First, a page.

Being able to see clearly might not always seem worth it to them compared to how strange the glasses feel on their nose and ears or what their peers think, so what can you do as a parent to help them get in the habit and really love their glasses? We’ve come up with five good approaches you can use.
Ill-fitting glasses, no matter how perfectly they correct your child’s vision, are not going to be fun to wear, and they will be taking them off every chance they get. Whether they fall too easily or pinch too hard, we have tools at our practice to correct the fit of glasses. If your child’s glasses don’t fit properly, come see us so we can adjust them.
For a child who isn’t willing to wear their glasses full-time from the start, a gradual ramp-up might be a good idea. You can begin small by expecting them to wear their glasses for just a half-hour, then increase to an hour, then two, and ultimately they’ll be wearing them all day. You could offer small prizes for achieving these milestones to give them more motivation.
A great way to combat your child’s worries that they’ll be made fun of for wearing glasses is to remind them that some pretty awesome people wear glasses too. Show them pictures of some of their favorite actors or inspirational figures wearing glasses, and point out that characters like Harry Potter, Superman, and Supergirl wear glasses (even if the latter two only wear them as their mild-mannered disguises).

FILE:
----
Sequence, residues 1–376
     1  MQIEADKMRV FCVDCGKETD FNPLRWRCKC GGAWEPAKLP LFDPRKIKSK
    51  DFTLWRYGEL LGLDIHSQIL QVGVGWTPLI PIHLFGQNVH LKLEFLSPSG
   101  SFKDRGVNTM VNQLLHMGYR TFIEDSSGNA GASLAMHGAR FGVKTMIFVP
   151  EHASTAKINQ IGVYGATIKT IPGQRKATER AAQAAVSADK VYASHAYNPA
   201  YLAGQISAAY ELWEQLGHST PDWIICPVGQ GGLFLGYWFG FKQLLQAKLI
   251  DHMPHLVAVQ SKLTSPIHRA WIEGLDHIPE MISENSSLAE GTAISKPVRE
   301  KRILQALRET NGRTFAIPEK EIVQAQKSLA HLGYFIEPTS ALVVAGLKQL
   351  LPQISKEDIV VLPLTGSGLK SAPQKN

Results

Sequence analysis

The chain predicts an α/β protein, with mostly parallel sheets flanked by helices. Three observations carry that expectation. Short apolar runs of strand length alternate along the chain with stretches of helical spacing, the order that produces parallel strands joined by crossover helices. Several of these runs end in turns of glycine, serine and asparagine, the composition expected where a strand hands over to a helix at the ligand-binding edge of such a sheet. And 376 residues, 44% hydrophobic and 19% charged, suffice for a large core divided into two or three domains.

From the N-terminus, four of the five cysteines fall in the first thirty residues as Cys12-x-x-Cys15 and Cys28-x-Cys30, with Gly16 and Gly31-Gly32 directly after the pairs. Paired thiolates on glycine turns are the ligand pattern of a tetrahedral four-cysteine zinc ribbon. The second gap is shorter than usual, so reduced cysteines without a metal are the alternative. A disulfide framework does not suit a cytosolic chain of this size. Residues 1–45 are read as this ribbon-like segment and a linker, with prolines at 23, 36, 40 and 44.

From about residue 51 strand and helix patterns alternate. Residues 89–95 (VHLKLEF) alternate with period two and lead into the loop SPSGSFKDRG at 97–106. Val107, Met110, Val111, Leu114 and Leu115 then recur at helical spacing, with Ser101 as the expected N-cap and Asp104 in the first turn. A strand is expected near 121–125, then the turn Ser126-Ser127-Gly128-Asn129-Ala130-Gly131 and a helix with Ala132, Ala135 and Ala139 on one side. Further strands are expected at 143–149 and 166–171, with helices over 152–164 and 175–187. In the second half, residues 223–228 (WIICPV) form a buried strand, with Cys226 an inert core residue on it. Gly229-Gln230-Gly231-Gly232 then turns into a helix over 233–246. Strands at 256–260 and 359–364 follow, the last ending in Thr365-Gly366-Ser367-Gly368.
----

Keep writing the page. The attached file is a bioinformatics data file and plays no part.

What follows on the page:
Another essential for helping your child feel confident in their glasses is to let them pick out their own frames! Glasses are like a customizable facial feature, and that makes them a wonderful expression of personal style. So forget about your own ideas of color coordination and fashion, because your child has their own idea of what cool glasses look like.
A similar factor to think about is how the glasses make your child look for their age. A toddler should wear glasses made for toddlers, but older children will feel embarrassed to wear “baby glasses.” They want adults and other kids to respect them for how grown-up they seem, and their glasses are part of that.
Perhaps the most important thing to do is to remain firm in your expectations. Even with the perfect, well-fitting glasses and good role models to look up to, if you aren’t a stickler about making sure your child meets their glasses goals, it might not matter. And for the times and places when you aren’t around to check that the glasses are on, you might be able to recruit other adults, like their teachers, to help.
Another group of adults who can help your child grow to love wearing glasses is the team at our practice! We’re the biggest glasses fans you’ll meet, and we’re happy to share our enthusiasm. We’d love to hear from you, whether these five tips did the trick or if you need a few other ideas to try.